Hurricane Edouard, as observed by NASA astronaut Reid Wiseman during Expedition 41. The MUSES platform will host Earth-viewing instruments such as high-resolution digital cameras and provide information like disaster relief information.
Credits: NASA

Research seeks to understand the heart of the matter

Exposure to reduced gravity environments can result in cardiovascular changes such as fluid shifts, changes in total blood volume, heartbeat and heart rhythm irregularities, and diminished aerobic capacity. The Fruit Fly Lab-02 study will use the fruit fly (Drosophila melanogaster) to better understand the underlying mechanisms responsible for the adverse effects of prolonged exposure to microgravity on the heart. Flies are smaller, with a well-known genetic make-up, and very rapid aging that make them good models for studying heart function. This experiment will help to develop a microgravity heart model in the fruit fly. Such a model could significantly advance the study of spaceflight effects on the cardiovascular system and facilitate the development of countermeasures to prevent the adverse effects of space travel on astronauts.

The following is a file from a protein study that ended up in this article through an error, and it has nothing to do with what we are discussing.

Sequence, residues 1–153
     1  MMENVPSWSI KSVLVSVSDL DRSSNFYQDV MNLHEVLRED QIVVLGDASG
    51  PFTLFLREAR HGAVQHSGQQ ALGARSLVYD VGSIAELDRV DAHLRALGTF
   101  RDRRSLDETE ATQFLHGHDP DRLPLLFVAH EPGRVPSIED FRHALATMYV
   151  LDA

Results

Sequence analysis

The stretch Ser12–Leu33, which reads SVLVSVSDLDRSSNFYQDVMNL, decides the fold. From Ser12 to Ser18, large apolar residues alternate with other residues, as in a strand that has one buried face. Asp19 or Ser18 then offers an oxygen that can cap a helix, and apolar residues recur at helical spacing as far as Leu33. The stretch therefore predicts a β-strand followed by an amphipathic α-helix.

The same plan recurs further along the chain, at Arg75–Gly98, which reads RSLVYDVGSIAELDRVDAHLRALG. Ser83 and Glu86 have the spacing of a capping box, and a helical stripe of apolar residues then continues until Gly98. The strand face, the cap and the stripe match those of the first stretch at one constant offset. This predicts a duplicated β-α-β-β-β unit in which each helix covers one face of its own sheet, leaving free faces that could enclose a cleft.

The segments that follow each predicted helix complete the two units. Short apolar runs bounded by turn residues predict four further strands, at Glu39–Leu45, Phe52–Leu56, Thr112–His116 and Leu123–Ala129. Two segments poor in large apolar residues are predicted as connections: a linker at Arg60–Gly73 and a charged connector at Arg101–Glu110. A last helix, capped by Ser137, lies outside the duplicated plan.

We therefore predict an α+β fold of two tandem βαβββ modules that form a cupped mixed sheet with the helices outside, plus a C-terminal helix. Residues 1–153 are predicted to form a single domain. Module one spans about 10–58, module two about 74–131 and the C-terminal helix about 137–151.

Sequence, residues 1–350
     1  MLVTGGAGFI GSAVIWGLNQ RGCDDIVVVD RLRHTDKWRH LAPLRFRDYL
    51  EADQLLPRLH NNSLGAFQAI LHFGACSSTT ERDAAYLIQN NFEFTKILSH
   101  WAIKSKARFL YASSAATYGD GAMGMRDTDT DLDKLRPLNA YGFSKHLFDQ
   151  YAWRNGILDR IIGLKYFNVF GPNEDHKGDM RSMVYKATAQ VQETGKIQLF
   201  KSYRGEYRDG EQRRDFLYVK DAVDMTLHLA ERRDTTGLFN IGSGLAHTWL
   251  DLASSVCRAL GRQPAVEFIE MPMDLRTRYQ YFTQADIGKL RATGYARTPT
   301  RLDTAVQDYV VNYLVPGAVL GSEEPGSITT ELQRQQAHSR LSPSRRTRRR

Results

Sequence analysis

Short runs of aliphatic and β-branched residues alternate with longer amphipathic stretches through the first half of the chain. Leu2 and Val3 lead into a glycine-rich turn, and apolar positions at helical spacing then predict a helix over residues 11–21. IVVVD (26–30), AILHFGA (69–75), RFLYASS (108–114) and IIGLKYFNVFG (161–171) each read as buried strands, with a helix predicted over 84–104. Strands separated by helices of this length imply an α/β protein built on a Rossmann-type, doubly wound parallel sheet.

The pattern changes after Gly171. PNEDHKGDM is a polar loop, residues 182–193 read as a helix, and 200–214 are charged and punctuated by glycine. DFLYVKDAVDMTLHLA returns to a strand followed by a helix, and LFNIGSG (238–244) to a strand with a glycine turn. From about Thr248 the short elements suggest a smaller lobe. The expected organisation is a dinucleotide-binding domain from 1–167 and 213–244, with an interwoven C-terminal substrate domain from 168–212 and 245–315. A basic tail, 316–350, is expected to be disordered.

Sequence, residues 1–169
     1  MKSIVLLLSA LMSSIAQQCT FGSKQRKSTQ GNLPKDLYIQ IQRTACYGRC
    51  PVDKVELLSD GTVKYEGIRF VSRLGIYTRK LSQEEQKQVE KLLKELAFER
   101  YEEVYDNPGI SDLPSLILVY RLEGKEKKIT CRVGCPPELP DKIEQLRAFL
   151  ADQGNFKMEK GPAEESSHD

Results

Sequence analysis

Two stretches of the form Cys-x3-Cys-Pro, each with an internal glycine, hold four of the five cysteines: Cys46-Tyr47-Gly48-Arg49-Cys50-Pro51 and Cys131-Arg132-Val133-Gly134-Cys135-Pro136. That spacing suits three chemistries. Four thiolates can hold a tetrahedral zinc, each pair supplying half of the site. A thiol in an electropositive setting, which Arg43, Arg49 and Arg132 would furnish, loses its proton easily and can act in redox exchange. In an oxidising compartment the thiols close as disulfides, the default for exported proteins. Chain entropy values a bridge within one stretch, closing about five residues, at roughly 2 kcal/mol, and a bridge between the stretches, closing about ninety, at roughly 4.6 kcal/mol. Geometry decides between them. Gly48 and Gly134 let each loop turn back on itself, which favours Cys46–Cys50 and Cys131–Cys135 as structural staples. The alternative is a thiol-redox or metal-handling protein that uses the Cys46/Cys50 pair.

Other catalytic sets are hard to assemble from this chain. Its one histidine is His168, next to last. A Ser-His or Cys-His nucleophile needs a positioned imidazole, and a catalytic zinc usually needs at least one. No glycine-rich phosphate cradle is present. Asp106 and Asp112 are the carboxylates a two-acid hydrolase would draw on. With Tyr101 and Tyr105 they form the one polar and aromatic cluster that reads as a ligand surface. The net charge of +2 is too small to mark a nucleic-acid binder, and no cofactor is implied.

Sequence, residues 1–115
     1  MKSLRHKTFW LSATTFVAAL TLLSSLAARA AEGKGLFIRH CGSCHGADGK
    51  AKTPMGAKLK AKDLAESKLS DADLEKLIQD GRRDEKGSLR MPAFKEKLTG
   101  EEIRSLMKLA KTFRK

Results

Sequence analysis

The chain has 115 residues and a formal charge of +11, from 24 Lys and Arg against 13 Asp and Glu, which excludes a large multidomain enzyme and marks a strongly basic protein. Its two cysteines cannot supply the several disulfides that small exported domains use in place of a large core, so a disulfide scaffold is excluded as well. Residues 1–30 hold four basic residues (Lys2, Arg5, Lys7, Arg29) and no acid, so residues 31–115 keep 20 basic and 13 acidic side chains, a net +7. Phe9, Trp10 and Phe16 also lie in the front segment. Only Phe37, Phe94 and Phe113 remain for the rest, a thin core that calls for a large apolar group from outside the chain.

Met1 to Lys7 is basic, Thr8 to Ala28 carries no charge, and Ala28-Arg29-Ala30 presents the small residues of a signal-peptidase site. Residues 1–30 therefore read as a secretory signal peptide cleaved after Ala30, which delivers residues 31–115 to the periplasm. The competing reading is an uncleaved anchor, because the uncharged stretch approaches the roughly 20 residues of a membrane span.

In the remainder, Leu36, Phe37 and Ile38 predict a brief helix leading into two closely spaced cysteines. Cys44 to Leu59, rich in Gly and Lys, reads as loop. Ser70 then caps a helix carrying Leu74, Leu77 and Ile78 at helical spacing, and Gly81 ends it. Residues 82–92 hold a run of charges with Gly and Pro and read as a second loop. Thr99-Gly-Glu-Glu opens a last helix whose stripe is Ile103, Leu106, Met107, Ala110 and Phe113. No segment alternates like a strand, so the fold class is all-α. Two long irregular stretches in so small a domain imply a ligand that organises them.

Investigation shapes the way humans survive in space

Currently, the life-support systems aboard the space station require special equipment to separate liquids and gases. This technology utilizes rotating and moving parts that, if broken or otherwise compromised, could cause contamination aboard the station. The Capillary Structures investigation studies a new method of water recycling and carbon dioxide removal using structures designed in specific shapes to manage fluid and gas mixtures. As opposed to the expensive, machine-based processes currently in use aboard the station, the Capillary Structures equipment is made up of small, 3-D printed geometric shapes of varying sizes that clip into place.